Despite contributing little to global fossil fuel emissions, Pakistan remains extremely vulnerable to climate-related disasters. In another blow, Himalayan glaciers are melting faster than ever before due to climate change. The Himalayan range that spans across five countries is situated in Kashmir Valley and Northern Pakistan, to the south and east of the Indus River. The floods last year were just a glimpse of the catastrophic fate that awaits Pakistan.
With global warming accelerating and heatwaves becoming more intense and frequent, Himalayan glaciers are melting much faster threatening the loss of water supply to 10 of the world’s most important river systems, including the Ganges, Indus, Yellow, Mekong and Irrawaddy. These rivers, directly and indirectly, supply food, energy, clean air and income to nearly 240 million people in the mountainous regions and river valleys. Flash floods as a result of unprecedented glacier melts will uproot millions from their homes within Pakistan and across South Asia. This will trigger mass displacement as well as an influx of refugees aggravating social and economic challenges for the government.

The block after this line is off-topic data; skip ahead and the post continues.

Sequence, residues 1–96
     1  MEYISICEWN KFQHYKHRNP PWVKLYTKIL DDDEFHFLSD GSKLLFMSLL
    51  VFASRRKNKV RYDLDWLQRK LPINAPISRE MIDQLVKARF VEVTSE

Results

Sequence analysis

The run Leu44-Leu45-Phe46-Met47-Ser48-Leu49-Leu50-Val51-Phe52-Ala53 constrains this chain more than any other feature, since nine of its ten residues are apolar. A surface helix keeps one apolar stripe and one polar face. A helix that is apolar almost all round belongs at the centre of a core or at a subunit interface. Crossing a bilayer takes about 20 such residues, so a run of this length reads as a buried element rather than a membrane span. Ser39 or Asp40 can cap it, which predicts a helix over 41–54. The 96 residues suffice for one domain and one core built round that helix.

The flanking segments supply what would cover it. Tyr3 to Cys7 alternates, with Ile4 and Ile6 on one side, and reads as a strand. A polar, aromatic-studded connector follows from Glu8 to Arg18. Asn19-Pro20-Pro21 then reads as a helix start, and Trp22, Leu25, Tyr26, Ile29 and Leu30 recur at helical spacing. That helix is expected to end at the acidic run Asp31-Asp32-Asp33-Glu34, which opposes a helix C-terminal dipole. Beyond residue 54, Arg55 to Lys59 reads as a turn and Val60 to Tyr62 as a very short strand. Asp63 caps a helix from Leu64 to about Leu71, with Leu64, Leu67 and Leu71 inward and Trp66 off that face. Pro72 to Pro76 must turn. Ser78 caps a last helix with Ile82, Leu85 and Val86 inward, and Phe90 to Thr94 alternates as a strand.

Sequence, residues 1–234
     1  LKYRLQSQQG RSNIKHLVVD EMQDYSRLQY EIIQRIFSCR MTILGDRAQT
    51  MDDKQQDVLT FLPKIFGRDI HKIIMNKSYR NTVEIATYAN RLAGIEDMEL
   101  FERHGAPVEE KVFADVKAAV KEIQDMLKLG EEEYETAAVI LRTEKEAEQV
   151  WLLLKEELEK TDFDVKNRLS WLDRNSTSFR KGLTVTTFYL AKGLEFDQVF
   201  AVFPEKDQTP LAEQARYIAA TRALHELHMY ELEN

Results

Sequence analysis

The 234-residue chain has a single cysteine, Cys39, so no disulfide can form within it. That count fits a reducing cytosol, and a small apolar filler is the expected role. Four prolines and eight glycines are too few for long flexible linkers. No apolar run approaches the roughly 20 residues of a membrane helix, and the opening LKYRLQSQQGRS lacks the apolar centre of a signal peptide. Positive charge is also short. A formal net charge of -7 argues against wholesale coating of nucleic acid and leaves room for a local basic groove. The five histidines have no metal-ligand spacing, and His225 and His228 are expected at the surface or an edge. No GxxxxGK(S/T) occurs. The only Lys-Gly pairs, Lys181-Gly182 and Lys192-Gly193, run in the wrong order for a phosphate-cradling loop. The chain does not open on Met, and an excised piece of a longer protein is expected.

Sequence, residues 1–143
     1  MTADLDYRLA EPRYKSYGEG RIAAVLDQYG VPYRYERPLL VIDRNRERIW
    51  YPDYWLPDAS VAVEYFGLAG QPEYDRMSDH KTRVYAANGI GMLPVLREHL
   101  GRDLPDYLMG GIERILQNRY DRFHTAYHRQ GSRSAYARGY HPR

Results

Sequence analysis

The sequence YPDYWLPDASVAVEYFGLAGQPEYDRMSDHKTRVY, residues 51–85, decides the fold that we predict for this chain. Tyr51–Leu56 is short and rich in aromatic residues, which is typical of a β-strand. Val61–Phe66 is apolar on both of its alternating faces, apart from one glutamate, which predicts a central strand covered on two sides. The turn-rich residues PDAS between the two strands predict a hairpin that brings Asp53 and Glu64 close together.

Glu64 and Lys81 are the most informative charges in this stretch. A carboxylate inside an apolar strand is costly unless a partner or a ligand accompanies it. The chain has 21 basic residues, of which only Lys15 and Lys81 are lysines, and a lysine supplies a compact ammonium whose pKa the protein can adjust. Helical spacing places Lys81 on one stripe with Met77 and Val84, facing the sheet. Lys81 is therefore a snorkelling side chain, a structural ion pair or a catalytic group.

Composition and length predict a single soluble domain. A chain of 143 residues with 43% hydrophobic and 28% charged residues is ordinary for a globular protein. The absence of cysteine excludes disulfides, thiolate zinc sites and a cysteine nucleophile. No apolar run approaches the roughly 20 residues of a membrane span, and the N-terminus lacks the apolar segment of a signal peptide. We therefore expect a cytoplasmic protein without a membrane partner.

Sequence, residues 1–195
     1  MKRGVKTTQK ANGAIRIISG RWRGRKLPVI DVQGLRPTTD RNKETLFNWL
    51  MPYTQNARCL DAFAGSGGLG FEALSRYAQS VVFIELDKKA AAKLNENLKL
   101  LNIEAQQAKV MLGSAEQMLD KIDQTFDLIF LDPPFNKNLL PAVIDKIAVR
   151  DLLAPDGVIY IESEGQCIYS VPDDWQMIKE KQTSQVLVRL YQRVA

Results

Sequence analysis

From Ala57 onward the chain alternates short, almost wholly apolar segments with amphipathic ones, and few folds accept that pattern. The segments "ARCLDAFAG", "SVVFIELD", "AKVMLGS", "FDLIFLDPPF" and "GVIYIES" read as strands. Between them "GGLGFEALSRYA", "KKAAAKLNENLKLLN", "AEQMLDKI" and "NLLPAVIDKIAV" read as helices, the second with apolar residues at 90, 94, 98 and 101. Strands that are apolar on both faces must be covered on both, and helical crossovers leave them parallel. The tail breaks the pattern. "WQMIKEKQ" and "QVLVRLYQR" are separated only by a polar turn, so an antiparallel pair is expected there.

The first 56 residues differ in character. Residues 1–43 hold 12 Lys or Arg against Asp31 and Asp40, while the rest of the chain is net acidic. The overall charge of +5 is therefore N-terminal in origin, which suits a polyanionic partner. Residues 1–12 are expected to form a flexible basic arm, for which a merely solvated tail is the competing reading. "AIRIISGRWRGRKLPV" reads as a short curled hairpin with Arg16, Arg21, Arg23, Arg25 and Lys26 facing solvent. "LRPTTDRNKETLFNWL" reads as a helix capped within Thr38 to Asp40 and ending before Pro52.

Even if global warming is limited to the 1.5 to 2.0 degrees Celsius from pre-industrial levels agreed to in the Paris climate treaty, the glaciers are expected to lose a third to a half of their volume by 2100. This accentuates the need for better preparedness in vulnerable countries and communities. Pakistan, particularly, is not equipped to deal with emerging climate challenges and requires concerted and comprehensive global support. The international community must rise to the task of not just improving predictions, but also compensating the poorest, most vulnerable countries. Political leaders and stakeholders within Pakistan can no longer downplay the gravity of the situation and must amplify climate change response and preparedness.
Published in The Express Tribune, June 23rd, 2023.